Professors Cappella, Fishbein and Hornik in recent issue of Communication Theory

Communication Theory (Volume 13, Number 2, May 2003) features the work of several Annenberg professors. Joseph Cappella serves as guest editor to the issue's theme, "Symposium on Theoretical Approaches to Communication Campaigns" which features "Using Theory to Design Effective Health Behavior Interventions" by Martin Fishbein and Marco Yzer and "Using Theory to Design Evaluations of Communication Campaigns: The Case of the National Youth Anti-Drug Media Campaign" by Robert Hornik and Itzhak Yanovitzky.

ABSTRACTS:

"Using Theory to Design Effective Health Behavior Interventions": This article demonstrates the usefulness of two theories for the development of effective health communication campaigns. The integrative model of behavioral prediction focuses on changing beliefs about consequences, normative issues, and efficacy with respect to a particular behavior. Media priming theory focuses on strengthening the association between a belief and its outcomes, such as attitude and intention toward performing the behavior. Both the integrative model of behavioral prediction and media priming theory provide guidance with respect to the selection of beliefs to target in an intervention. The article describes the theories, shows how they can be applied to the selection of target beliefs, and, for each theory, defines the criteria for belief selection. The two theories as well as their appropriate analytic strategies are complementary rather than conflicting.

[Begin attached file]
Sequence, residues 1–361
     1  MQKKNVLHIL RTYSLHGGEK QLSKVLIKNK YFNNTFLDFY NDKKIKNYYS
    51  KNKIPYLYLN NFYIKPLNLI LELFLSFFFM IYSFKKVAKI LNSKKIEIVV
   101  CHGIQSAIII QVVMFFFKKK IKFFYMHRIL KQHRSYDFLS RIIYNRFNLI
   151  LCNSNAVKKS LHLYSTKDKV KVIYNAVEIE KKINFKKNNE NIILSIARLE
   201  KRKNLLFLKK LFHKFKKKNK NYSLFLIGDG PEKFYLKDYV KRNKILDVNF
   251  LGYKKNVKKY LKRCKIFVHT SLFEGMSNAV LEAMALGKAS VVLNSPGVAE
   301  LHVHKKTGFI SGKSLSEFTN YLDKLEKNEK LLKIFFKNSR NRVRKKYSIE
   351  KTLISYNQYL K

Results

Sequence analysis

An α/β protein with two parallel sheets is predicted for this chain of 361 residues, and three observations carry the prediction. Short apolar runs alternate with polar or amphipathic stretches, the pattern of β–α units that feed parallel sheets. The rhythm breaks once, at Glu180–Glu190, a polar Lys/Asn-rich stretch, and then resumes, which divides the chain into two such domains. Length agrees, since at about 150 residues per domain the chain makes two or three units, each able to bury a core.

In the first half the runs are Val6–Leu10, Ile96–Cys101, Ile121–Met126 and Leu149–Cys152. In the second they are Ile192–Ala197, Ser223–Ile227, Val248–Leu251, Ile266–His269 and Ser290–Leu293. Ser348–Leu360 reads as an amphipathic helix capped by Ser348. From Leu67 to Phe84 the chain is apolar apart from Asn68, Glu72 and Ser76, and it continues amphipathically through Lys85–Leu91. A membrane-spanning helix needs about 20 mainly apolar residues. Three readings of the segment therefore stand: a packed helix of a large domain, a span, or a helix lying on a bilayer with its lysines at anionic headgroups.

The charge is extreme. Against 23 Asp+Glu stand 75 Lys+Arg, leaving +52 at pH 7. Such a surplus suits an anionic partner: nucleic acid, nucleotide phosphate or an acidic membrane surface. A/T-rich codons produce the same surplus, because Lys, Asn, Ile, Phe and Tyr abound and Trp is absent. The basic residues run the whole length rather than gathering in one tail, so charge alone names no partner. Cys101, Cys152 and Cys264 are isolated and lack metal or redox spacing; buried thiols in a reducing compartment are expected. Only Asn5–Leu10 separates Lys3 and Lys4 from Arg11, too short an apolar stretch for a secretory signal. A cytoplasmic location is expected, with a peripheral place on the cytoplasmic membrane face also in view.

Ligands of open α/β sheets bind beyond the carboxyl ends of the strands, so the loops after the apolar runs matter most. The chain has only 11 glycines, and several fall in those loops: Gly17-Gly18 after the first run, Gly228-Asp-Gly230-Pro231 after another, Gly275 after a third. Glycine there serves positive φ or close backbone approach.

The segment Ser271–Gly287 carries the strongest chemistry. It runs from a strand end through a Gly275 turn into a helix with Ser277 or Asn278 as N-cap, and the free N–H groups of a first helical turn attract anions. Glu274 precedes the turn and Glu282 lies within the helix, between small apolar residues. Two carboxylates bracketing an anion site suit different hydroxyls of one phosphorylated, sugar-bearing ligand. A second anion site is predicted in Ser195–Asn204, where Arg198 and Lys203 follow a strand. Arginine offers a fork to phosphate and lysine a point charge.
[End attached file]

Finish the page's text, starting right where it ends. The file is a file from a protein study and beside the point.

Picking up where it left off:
"Using Theory to Design Evaluations of Communication Campaigns": The Case of the National Youth Anti-Drug Media Campaign We present a general theory about how campaigns can have effects and suggest that the evaluation of communication campaigns must be driven by a theory of effects. The National Youth Anti-Drug Media Campaign illustrates both the theory of campaign effects and implications that theory has for the evaluation design. Often models of effect assume that individual exposure affects cognitions that continue to affect behavior over a short term. Contrarily, effects may operate through social or institutional paths as well as through individual learning, require substantial levels of exposure achieved through multiple channels over time, take time to accumulate detectable change, and affect some members of the audience but not others. Responsive evaluations will choose appropriate units of analysis and comparison groups, data collection schedules sensitive to lagged effects, samples able to detect subgroup effects, and analytic strategies consistent with the theory of effects that guides the campaign.